Are There Protein Deficiencies In Plant-Based Diets?

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Essential # 1: Let Food Be Your Medicine | Jan, 24 2023

Are There Protein Deficiencies In Plant-Based Diets?

plant based diet

plant-based diet main points

A 100% plant-based diet may NOT be best for you. 

Waaitt, what?! I know. That statement may come as a big surprise, so let’s dig into it together.

For those die-hard vegetarians and plant-based foodists, this is not a challenge or a put down – it is information for you to consider. I can honestly say that I have seen many women on a healing journey who were determined to be plant-based only and their body did not respond very well. After broadening their diet by including small amounts of animal protein, they did much better.  Test and assess – balance is the key. 

Depending on how you manage a plant-based diet, you may not be getting a sufficient amount of protein as you age. Older adults (starting around age 50), may need to increase protein intake to prevent the loss of skeletal muscle mass and strength. Sarcopenia is defined as a loss of skeletal muscle mass and strength and can lead to an increased risk of falling, muscle weakness, fatigue, slow walking speeds, and just overall difficulty in everyday life. We are here to live full, active, and vibrant lives—so let quality foods and supplements be our fuel.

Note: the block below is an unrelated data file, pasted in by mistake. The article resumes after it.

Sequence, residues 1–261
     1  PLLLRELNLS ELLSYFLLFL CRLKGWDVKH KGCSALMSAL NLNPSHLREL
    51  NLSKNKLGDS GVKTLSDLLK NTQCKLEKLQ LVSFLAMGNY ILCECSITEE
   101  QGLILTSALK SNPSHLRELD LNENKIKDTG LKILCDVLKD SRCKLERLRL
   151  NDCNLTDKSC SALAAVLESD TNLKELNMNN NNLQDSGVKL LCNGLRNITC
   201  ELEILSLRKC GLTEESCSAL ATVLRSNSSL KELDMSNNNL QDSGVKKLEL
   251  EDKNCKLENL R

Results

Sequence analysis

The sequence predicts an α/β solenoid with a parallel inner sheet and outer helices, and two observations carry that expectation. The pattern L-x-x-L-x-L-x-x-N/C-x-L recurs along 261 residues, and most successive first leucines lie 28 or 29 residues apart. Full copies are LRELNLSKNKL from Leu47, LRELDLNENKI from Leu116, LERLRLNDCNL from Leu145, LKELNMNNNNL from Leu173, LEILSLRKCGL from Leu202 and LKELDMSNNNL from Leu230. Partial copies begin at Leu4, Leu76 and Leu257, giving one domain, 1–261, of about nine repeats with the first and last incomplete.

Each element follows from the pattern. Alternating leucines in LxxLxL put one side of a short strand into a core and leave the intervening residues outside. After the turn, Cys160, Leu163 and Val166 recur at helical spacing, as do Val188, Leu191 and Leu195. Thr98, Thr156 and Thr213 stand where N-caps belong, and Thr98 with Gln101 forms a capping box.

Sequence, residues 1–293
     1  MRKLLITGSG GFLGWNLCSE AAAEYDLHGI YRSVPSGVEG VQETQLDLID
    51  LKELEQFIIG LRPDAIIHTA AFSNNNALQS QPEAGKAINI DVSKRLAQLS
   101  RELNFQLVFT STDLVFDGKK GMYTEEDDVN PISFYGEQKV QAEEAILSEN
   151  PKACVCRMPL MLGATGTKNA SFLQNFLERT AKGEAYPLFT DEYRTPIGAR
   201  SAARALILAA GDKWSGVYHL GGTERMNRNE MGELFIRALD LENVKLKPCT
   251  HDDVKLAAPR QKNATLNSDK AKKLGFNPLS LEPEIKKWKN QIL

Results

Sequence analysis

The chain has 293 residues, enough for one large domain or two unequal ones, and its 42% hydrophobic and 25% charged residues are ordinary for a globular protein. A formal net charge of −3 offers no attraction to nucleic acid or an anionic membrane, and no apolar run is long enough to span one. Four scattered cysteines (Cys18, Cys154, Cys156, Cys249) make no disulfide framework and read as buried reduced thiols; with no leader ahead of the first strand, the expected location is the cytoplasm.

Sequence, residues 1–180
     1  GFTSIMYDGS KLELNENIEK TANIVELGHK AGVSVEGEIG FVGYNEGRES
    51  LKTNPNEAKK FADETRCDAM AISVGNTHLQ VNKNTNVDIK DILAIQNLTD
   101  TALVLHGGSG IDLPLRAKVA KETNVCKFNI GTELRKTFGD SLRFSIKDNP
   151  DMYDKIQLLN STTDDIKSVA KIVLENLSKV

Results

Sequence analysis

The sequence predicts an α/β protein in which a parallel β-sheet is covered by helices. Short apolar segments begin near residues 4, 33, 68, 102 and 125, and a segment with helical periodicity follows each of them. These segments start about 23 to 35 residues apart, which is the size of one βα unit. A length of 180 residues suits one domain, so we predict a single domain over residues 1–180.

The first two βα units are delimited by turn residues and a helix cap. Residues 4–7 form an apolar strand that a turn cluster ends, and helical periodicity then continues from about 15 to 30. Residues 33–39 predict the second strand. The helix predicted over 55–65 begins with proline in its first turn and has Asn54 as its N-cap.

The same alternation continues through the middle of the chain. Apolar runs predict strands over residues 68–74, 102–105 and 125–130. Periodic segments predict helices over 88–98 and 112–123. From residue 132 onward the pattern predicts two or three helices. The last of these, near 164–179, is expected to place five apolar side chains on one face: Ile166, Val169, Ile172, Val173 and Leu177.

Before we go any further, don’t worry—I have not lost my mind. Organic foods and  produce such as sweet potatoes, nuts, seeds, are all critical to living a healthy breast life. Countless studies back this up. I believe that occasionally eating some quality organic, grass fed  animal protein is ALSO part of Essential #1 Let Food Be Your Medicine—especially as you get into your later years.

At the end of this article, you will find a few of my favorite animal protein recipes and a shopping guide to picking out meat and fish. 

Vegan vs. Plant-Based vs. Holistic Diet

    • Vegan: Not eating any animal products at all. People often opt for alternative versions of animal-based products that can actually be full of highly processed fillers and oils. For example, a plant-based egg brand, JUST Egg, contains 16 ingredients, including sugars and toxic oils. Eating organic, pasture-raised eggs is significantly better for you! 
    • Plant-Based: The majority of a diet is from plant-based foods. Plant products could include vegetables, fruits, whole grains, legumes, nuts, and seeds. Some people who follow this approach blur the lines with veganism and do not eat any animal products.